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The U.S. Army has begun testing radio technology on a convoy of tractor-trailers along Interstate 69 in the first step toward driverless military vehicles.

The technology, called dedicated short-range communications, allows the vehicles to “talk” with each other and with roadside sensors by communicating things like location, speed and driving conditions. The Army’s Tank Automotive Research, Development and Engineering Center (TARDEC) has been testing it for years in closed environments, but this week marks their first tests on a public highway.

“In the future, when we’re integrating more automated features in vehicles, we need to make sure they operate on public roadways,” said Doug Halleaux, public affairs officer for TARDEC. “This is the first step in getting to that point.”

Michigan — specifically the 21-mile stretch of I-69 in St. Clair and Lapeer counties where the convoys will operate — was chosen for the project because of its proximity to TARDEC’s headquarters in Warren, and the fact that Michigan has the connected vehicle infrastructure available for the testing. The Army’s I-69 route will include six roadside sensors that will collect data and talk back to the vehicles.

The sensors are supplied by MDOT and are one piece of a larger network of connected roadways the department is deploying in southeast Michigan.

The four-vehicle convoy will appear normal; drivers will be in full control at all times. The data being collected during the trips, however, will help the vehicles sense brake lights, upcoming curves in the road, bridge heights, lane closures and other potential obstacles.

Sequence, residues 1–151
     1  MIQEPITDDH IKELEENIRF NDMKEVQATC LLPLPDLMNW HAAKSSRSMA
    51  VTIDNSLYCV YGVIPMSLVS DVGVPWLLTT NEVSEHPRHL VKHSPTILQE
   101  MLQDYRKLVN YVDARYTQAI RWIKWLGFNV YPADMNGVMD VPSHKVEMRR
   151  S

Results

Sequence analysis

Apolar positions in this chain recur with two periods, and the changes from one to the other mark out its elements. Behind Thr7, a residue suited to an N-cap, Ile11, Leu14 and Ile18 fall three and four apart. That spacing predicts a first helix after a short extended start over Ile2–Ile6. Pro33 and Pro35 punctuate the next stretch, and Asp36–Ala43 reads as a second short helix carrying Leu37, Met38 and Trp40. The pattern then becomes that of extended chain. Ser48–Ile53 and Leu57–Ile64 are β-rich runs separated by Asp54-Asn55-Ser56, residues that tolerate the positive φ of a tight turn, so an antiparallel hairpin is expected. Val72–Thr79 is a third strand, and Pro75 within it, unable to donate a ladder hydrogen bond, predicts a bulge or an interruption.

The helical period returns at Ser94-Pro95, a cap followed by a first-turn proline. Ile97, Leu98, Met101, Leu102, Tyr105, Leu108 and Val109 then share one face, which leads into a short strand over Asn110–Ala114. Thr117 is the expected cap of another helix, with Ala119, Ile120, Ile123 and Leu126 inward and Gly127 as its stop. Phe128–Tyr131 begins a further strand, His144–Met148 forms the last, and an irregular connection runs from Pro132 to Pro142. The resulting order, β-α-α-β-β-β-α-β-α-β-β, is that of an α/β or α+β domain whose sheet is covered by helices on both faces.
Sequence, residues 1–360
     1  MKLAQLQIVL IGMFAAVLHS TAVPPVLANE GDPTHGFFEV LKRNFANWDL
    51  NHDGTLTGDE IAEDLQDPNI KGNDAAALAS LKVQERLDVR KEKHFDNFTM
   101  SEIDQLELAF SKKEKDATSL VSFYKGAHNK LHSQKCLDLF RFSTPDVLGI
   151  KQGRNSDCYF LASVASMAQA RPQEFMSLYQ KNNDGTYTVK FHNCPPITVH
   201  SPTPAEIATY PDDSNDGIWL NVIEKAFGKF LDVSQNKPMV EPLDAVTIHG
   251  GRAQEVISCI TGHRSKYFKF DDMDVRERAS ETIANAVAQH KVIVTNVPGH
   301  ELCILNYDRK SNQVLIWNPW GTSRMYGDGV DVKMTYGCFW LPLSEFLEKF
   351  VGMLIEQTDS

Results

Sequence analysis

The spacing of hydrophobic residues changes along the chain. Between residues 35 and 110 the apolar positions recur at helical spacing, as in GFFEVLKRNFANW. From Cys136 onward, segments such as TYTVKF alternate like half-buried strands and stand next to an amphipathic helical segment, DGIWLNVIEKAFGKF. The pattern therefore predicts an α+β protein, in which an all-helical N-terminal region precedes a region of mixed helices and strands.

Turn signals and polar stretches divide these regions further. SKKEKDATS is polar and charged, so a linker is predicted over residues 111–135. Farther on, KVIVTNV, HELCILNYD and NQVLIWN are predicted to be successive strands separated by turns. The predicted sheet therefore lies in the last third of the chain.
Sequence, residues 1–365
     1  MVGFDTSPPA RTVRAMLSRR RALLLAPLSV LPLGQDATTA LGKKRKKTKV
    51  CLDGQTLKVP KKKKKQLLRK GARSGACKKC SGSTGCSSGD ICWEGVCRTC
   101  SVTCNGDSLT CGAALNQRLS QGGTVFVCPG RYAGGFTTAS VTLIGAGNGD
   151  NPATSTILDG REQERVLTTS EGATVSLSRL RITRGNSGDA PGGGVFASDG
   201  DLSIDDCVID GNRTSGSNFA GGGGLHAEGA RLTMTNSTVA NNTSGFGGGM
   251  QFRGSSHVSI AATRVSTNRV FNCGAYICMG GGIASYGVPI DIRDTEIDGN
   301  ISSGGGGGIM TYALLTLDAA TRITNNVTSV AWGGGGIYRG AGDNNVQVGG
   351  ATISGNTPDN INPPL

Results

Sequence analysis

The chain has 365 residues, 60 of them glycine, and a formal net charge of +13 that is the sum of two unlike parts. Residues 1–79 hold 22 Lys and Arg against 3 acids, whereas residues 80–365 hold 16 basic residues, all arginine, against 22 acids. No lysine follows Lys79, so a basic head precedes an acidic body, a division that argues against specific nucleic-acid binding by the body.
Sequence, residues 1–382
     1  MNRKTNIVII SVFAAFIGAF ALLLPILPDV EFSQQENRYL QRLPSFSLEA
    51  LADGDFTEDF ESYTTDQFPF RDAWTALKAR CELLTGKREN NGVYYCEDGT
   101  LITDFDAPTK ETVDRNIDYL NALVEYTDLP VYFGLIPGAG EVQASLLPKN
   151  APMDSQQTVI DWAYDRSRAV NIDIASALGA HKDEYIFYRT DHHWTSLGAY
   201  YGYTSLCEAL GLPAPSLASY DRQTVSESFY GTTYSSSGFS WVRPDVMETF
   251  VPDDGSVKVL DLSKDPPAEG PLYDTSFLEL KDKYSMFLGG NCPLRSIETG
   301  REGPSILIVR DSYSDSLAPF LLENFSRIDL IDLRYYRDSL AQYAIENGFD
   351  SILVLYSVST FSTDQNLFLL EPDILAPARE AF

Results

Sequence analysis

The Army has no specific timetable to deploy fully autonomous military vehicles, but Halleaux said over the next few years TARDEC will expand its testing capabilities to eventually include things like platooning, where one lead truck controls the speed and direction of other trucks behind it. To help ensure soldier safety on longer missions, the Army has been experimenting with a number of autonomous features.

Paul Rogers, TARDEC’s director, said in a statement, “The safety and force protection potential with automated driving may fundamentally change the way we as an Army approach logistics and transportation.”

The Army last month held informational meetings to explain to local residents what they’d be seeing on the highway. “We want to be good neighbors on the roadways,” Halleaux said.

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